Although the rule requires non-wood bats to be labeled with a silk screen or other permanent certification mark, in some cases manufacturers have used a label, sticker or decal to denote BESR certification. However, effective January 1, 2006, no BESR label, sticker or decal will be permitted on any non-wood bat.



How does a bat become BESR Certified?

Each bat must pass testing in the Baseball Research Center at the University of Massachusetts – Lowell (http://m-5.uml.edu/umlbrc/). “The Baseball Research Center serves as the official certification center for all baseball bats used for NCAA and NHFS.”



What are the specific rules for Adult Baseball bats?

According to the 2007 NFHS Baseball Rules Book the following rules pertain to the use of bats for high school and college play.



Rule 1-3-2

The bat which may be wood or non-wood product shall be a smooth cylinder implement with a knob that is permanently and securely fastened. All non-wood bat shall meet the Ball Exit Speed Ratio (BESR) performance standard, and such bats be labeled with a silk screen or other permanent certification mark. No BESR label, sticker or decal will be accepted on any non-wood bats. There shall be no devices, attachments or wrappings that cause the handle to become flush with the knob. Molded grips are illegal.



Rule 1-3-4

A wood bat may be roughened or wound with tape not more than 18 inches from the handle end of the bat. No foreign substance may be added to the surface of the bay beyond 18 inches for the end of the handle.

Each bat shall be:

In diameter at thickest part: (wood) 2 3/4 inches or less

In diameter at thickest part: (non-wood) 2 5/8 inches or less

In length: 36 inches or less

In weight: A bat shall not weight, numerically, more than three ounces less than the weight of the bat (e.g., a 33-inch-long bat cannot be less than 30 ounces).



How does BESR Certification differ from Major League Baseball?

According to Major League Baseball and the Official Rules. The following explains the rules required for a Major League Baseball bat.



Under 1.00 Objectives of the Game, Rule 1.10:

a) The bat shall be a smooth, round stick not more than 2 3/4 inches in diameter at the thickest part and not more than 42 inches in length. The bat shall be one piece of solid wood.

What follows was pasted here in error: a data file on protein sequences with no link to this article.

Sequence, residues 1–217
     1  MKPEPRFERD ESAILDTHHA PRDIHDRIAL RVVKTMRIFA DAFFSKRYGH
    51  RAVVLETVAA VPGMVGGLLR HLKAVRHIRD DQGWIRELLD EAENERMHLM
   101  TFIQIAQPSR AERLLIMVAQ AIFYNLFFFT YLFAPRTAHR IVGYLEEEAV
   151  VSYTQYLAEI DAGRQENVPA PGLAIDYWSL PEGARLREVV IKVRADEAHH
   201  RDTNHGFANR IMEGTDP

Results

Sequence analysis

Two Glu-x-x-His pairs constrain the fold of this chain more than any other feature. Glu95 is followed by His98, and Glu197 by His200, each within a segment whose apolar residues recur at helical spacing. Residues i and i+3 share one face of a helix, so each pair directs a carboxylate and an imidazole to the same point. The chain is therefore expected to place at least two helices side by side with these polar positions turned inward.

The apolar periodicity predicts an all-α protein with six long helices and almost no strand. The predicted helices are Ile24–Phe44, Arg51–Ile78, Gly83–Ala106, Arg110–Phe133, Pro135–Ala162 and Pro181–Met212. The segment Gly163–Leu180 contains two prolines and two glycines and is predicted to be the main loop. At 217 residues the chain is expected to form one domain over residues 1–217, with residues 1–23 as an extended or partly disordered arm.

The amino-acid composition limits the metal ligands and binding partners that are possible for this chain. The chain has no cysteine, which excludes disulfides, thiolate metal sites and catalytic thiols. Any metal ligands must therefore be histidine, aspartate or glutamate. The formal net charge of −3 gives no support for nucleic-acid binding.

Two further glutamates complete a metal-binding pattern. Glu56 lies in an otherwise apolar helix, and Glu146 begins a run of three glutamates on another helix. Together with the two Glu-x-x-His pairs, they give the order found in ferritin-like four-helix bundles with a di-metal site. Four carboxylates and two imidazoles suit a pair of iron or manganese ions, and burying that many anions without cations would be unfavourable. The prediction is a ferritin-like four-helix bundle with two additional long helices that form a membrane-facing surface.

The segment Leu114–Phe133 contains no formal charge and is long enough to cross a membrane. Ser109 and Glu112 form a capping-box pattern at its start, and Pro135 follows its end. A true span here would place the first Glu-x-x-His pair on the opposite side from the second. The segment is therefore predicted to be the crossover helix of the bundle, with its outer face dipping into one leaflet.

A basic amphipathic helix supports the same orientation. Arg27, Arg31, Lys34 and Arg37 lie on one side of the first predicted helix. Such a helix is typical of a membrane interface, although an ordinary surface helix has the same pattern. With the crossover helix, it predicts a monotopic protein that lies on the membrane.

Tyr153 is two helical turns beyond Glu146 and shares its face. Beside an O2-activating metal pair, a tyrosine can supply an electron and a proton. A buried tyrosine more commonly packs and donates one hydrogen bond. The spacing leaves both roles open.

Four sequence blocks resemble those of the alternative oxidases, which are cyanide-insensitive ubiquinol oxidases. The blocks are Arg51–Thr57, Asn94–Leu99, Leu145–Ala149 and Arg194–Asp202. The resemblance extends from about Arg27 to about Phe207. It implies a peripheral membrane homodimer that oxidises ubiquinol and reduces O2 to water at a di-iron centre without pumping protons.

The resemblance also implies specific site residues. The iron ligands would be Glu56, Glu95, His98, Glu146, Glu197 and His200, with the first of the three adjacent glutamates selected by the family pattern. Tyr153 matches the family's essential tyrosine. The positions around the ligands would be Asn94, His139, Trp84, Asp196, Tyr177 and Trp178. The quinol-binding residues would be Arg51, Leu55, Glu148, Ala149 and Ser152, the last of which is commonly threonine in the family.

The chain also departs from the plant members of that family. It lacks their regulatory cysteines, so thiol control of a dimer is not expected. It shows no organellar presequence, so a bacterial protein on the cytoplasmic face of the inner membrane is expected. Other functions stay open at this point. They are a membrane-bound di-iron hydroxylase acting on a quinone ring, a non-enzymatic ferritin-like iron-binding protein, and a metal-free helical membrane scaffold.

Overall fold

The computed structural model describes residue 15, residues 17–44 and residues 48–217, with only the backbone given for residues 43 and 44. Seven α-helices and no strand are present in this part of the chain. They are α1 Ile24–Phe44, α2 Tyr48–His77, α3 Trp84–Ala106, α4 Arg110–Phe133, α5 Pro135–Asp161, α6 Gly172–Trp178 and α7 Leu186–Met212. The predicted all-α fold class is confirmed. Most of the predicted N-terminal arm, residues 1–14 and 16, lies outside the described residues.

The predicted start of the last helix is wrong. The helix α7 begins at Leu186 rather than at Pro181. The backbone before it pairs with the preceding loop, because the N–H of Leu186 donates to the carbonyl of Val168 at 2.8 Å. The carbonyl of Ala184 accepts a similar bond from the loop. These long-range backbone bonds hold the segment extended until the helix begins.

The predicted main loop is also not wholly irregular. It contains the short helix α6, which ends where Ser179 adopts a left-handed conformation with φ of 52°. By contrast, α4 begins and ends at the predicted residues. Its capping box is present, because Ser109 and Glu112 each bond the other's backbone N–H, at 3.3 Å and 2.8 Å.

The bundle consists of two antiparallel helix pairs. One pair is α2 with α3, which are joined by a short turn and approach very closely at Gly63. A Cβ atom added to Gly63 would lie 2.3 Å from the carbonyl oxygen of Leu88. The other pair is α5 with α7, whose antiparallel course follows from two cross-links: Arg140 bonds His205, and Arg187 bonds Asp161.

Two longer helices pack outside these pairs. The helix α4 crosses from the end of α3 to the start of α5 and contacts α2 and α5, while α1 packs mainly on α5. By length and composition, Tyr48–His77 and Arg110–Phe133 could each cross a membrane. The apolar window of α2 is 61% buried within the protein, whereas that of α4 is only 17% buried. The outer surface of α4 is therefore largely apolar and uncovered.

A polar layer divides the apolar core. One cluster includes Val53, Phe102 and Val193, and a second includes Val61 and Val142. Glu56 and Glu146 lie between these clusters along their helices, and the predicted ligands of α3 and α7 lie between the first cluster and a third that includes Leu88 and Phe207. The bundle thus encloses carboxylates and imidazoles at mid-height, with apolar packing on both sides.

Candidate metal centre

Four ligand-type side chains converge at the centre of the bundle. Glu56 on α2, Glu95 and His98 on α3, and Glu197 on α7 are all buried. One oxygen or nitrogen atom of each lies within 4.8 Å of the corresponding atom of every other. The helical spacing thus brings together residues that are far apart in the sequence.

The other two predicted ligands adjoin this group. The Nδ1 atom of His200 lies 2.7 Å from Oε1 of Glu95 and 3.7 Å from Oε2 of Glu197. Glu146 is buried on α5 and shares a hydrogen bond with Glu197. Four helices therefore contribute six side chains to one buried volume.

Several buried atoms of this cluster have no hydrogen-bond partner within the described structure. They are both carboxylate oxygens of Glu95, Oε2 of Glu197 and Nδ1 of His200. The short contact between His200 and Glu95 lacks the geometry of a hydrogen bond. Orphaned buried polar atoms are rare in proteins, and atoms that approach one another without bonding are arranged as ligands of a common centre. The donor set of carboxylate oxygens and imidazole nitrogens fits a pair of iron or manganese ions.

NOTE: No laminated or experimental bats shall be used in a professional game (either championship season or exhibition games) until the manufacture has secured approval from the Rules Committee of his design and methods of manufacture.

b) Cupped Bats. An indentation in the end of the bat up to one inch in depth is permitted and may be no wider than two inches and no less than one inch in diameter. The indentation must be curved with no foreign substances added.

c) The bat handle, for not more than 18 inches from its end, may be covered or treated with any material or substance to improve the grip. Any such material or substance, which extends past the 18 inch limitation, shall cause the bat to be removed from the game

NOTE: If the umpire discovers that the bat does not conform to c) above until a time during or after which the bat has been used in play, it shall not be grounds for declaring the batter out, or ejected from the game.

d) No colored bat may be used in a professional game unless approved by the Rules Committee.



How was the University of Massachusetts – Lowell selected for the Baseball Research Center?

The program was found in 1998 by MLB and Rawlings. “The purpose was to establish an independent lab for completing science and engineering research as it applies to MLB.” Then in September 1999 the NCAA took notice of the work being done and begins to work with the lab in cooperation. The NCAA was looking to establish bat performance standards. Currently the Baseball Research Center does all the testing for the BESR Certification for all manufacturers.

Read more information regarding the History of the Baseball Research Center.